Whether the Khararunama by itself affected rights in the immovable properties in question?
The next question before the Bench was whether the Khararunama by itself ‘affects’, i.e., by itself creates, declares, limits or extinguishes rights in the immovable properties in question or whether it merely refers to what the appellants alleged were past transactions which had been entered into by the parties, the Bench answered, going by the words used in the document, they indicate that the words were intended to refer to the arrangements allegedly which the parties made in the past and the document did not purport to by itself create, declare, assign, extinguish or limit right in properties.
Evidentiary Value of Khararunama
As per Section 49(1) (a), a compulsorily registrable document, which is not registered, cannot produce any effect on the rights in immovable property by way of creation, declaration, assignment, limiting or extinguishment. Thus, observing that Section 49(1) prevents an unregistered document being used ‘as’ evidence of the transaction, which affects immovable property, the Bench stated,
“If the Khararunama by itself, does not ‘affect’ immovable property, being a record of the alleged past transaction, though relating to immovable property, there would be no breach of Section 49(1)(c), as it is not being used as evidence of a transaction effecting such property.”
The Bench held that being let in evidence is different from being used as evidence of the transaction; thus, the transaction or the past transactions could not be proved by using the Khararunama as evidence of the transaction. In other words, the Bench held, “merely admitting the Khararunama containing record of the alleged past transaction, is not to be, understood as meaning that if those past transactions require registration, then, the mere admission, in evidence of the Khararunama and the receipt would produce any legal effect on the immovable properties in question.”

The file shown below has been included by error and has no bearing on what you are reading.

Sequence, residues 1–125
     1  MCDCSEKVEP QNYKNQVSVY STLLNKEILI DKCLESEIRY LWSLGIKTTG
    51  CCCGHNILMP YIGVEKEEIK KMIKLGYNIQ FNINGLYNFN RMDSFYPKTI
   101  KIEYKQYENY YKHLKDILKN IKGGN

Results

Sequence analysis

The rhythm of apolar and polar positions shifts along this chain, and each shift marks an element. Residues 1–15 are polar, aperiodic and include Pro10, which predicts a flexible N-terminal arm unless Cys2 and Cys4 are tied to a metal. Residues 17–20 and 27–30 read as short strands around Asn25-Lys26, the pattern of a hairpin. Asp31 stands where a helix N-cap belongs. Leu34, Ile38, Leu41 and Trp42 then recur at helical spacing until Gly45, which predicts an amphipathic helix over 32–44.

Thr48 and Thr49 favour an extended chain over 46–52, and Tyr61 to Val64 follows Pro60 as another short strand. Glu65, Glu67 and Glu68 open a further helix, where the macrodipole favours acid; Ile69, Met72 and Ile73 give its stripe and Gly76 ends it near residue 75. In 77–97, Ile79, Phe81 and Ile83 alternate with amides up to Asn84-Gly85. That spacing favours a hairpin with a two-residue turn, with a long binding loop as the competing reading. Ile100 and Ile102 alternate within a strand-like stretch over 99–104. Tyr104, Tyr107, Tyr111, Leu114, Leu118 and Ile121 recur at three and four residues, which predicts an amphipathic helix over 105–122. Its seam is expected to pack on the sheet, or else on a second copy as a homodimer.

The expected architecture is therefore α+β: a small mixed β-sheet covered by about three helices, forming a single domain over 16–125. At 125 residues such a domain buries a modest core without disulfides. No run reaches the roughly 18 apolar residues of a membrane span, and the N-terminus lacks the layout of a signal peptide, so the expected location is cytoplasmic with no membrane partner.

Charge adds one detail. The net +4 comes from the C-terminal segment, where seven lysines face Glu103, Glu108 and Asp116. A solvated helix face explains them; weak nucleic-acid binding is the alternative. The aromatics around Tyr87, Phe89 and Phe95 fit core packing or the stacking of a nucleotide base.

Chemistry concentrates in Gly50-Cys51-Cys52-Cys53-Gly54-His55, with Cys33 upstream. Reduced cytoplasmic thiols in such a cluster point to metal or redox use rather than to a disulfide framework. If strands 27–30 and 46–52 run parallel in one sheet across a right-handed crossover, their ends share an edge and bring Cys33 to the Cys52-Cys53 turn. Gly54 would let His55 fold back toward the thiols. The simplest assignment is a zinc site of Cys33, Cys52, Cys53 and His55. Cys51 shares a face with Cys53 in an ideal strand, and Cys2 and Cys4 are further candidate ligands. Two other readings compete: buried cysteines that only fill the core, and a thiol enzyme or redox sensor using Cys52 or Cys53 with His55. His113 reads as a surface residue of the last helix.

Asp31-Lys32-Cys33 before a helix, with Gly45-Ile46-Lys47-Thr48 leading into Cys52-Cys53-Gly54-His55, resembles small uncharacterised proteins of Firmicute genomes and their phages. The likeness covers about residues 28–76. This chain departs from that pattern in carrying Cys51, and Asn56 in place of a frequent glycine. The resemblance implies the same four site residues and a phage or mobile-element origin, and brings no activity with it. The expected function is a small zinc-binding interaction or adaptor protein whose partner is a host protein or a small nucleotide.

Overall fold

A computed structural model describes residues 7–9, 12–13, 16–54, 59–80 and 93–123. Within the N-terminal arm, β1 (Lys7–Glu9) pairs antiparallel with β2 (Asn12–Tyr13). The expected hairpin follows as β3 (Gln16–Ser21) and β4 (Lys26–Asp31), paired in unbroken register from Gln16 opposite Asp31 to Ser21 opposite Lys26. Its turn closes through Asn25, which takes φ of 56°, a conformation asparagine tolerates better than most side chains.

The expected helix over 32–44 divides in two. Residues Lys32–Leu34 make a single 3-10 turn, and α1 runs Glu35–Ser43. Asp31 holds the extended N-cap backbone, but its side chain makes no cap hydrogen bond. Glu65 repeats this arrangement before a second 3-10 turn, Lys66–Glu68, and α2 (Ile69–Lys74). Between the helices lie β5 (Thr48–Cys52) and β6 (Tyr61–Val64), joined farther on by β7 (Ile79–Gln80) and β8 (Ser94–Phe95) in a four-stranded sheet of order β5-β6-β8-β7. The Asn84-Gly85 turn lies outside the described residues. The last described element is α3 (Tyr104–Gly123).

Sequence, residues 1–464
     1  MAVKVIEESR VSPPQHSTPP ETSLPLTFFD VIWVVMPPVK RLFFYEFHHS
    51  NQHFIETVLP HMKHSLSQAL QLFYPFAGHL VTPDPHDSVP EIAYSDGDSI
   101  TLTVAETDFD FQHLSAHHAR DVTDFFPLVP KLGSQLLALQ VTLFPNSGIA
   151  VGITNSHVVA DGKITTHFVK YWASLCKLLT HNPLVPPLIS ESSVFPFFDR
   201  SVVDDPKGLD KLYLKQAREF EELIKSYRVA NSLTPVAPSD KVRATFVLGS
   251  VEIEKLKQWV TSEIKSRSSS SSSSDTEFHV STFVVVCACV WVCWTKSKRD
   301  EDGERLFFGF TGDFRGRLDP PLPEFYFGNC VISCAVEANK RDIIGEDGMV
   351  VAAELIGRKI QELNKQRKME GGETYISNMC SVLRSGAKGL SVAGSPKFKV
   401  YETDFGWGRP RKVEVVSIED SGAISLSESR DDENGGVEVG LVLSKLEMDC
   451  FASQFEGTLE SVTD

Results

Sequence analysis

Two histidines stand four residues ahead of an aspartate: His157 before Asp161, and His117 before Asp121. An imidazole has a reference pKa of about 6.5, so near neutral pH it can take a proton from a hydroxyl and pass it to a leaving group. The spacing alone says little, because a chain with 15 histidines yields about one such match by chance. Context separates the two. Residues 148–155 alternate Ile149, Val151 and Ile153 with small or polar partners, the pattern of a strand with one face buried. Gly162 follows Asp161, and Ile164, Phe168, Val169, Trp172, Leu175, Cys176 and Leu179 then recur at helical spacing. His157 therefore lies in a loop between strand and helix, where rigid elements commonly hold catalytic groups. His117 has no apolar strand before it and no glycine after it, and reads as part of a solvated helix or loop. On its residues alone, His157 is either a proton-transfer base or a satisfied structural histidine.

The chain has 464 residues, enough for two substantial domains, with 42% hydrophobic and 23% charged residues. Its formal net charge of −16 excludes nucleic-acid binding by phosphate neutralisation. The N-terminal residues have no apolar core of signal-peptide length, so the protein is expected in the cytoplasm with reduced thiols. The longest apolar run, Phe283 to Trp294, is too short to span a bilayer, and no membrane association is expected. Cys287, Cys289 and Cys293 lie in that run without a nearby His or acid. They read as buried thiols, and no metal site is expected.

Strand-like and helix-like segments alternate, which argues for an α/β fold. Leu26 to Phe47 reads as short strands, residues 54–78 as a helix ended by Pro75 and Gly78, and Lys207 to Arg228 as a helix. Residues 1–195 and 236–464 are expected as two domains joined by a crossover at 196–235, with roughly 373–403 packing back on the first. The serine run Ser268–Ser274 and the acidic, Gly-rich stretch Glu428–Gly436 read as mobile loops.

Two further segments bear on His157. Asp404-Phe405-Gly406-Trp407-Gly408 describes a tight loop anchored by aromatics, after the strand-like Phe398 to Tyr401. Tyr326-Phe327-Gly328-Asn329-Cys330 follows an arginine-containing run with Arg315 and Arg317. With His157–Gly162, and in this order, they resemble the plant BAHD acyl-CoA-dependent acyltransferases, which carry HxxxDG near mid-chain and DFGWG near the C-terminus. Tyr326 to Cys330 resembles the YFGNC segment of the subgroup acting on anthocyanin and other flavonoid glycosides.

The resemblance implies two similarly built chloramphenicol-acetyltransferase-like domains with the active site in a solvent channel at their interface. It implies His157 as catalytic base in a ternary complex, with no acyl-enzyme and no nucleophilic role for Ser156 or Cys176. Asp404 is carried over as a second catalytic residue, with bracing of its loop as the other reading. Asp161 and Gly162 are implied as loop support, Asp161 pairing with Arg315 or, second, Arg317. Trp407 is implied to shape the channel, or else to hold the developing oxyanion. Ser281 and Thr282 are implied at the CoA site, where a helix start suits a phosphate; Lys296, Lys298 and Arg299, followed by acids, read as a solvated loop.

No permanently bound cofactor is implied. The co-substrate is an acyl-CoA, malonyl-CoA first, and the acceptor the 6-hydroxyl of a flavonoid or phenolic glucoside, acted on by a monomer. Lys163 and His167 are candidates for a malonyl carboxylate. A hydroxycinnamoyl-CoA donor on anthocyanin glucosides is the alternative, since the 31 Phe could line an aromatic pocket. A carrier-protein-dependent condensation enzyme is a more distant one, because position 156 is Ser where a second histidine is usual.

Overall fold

In Muruga Mudallar v. Subba Reddiar, 1950 SCC OnLine Mad 136, the Madras High Court had held that, “the consequence of non-registration is to prohibit the document from being received not “in” evidence, but “as” evidence of any transaction affecting such property.”
As far as stamp duty was concerned, the Bench was of the view that since the Khararunama was a mere record of past transaction it did not require to be stamped.
Lastly, the Bench held, when there had been a partition, there may be no scope for invoking the concept of antecedent right as such, therefore since the appellants and the respondents had partitioned their joint family properties, the properties mentioned in the Khararunama would be separate properties of the respondent.
Resultantly, the Appeal was allowed. The impugned Judgment was set aside and the Khararunama was held to be admissible in evidence but not as evidence.
[Korukonda Chalapathi v. Korukonda Annapurna Sampath Kumar, 2021 SCC OnLine SC 847, decided on 01-10-2021]
Kamini Sharma, Editorial Assistant has put this report together
For the Appellants: Advocate M. Vijay Bhaskar
For the Respondent: Advocate Venkateshwar Rao
*Judgment by: Justice K.M Joseph
Know Thy Judge| Justice K.M. Joseph